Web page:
(For those who say I just don’t get it…get this)
In October of 2012 I made the following commentary, which at the time, was seen as painting with far too broad of a brush.
Today? I would like to, once again, enter into evidence that I possibly understood far more than those that thought otherwise.
In regards to your “competition” and why “retirement” for fear of competing against the “younger crowd” isn’t going to be what it used to be, i.e., ageism is about to be spun on its proverbial head. I articulated the following. To wit:
We started becoming self-sufficient at about age 13. For those trying to put the age to a year. I was born in the early 1960’s. So that’s my time frame for this discussion.
When I was a kid we had very little. My father left and child support was something akin to unicorns. I had relatives that helped when possible, but basically money was tight. So if I wanted something I had to work for it. The difference between then and today is this – I could. By the age of 12 or 13 a kid could find work one way or another. Today that world is as ancient or as mythical as Aesop’s fables.
People of my ilk worked a myriad of jobs growing up. One example not just in my town but nearly everywhere were local grocery stores of one size or another. You would go in and ask the owner if he had anything you could do. This usually came back with a yes. Then you would find yourself doing the most disgusting, gruesome cleaning of some corner or backroom that the owner just never had the time (or guts) to clean themselves. So if you wanted to make money, there you’d go.
Another great difference is this. When we were 16 or 17 most of us wanted nothing more than to be out of school and working so we could run our own lives. Every single person I knew wanted to get a job and move out on their own. Personally I was out of my mother’s home at 17. I was not an outlier. So were most of the people I grew up with.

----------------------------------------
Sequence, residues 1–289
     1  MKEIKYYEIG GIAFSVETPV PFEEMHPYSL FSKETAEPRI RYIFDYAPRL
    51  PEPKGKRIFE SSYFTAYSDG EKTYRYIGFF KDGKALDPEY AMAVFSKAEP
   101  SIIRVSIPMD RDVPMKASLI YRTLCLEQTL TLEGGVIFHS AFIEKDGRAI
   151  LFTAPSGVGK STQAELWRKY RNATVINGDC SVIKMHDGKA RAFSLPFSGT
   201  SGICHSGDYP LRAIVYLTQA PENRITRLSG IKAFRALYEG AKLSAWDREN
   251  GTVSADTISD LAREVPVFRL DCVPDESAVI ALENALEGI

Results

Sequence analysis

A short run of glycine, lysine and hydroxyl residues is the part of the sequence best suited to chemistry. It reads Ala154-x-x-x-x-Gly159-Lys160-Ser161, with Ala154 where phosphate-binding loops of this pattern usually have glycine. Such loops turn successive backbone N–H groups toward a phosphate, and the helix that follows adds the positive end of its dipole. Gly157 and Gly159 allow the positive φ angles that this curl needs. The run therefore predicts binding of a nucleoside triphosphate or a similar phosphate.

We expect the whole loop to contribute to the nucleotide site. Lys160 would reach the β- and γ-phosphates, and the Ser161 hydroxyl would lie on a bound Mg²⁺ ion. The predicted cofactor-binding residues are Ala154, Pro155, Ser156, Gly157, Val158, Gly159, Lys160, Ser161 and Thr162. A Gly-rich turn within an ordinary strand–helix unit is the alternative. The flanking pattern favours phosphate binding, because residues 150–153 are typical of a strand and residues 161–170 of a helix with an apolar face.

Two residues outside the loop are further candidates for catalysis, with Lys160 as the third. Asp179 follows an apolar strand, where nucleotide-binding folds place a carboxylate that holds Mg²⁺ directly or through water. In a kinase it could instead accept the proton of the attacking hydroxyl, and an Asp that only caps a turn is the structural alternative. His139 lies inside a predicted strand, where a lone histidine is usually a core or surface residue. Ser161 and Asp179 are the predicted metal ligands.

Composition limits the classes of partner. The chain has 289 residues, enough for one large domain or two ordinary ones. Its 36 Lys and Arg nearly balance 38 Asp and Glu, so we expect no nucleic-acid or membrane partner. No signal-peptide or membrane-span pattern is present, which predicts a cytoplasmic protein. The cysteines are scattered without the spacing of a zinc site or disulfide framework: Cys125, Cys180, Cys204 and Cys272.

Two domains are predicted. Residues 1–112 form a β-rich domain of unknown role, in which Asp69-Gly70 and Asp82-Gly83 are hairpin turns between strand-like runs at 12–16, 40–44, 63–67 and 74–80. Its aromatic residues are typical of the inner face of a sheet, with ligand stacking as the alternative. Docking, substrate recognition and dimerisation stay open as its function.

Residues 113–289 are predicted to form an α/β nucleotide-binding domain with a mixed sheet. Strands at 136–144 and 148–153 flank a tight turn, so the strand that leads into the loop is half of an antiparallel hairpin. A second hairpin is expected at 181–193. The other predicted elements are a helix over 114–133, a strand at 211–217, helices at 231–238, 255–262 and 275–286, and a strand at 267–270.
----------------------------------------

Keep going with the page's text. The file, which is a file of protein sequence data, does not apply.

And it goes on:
The effect of starting so early for us was that by the age of 26 we were far away from anything that could ever be called a kid. Today’s generation looks upon their 20’s as a reason to still live at home, stay on mom & dad’s insurance, and continue going to school. The antitheses of everything we were just a short time ago.
However there’s also another side of all this that doesn’t get talked about: The knowing or learning just how hard some jobs were, and how difficult it was for the people who filled them. Many of us that worked in places whether they’d be factories or something else saw just what a real “hard days” work meant.
I remember when I was working in the mills pushing an 1100 pound rolling lunch wagon through the floors of the local textile mills. Right where people were working at their stations making shoes, clothes. leather, and more. You saw up close and personal what the term “work” meant. You also instinctively knew if you didn’t want that for yourself – you had better start getting on the ball with your own life because if you didn’t – life was going to be getting on with you.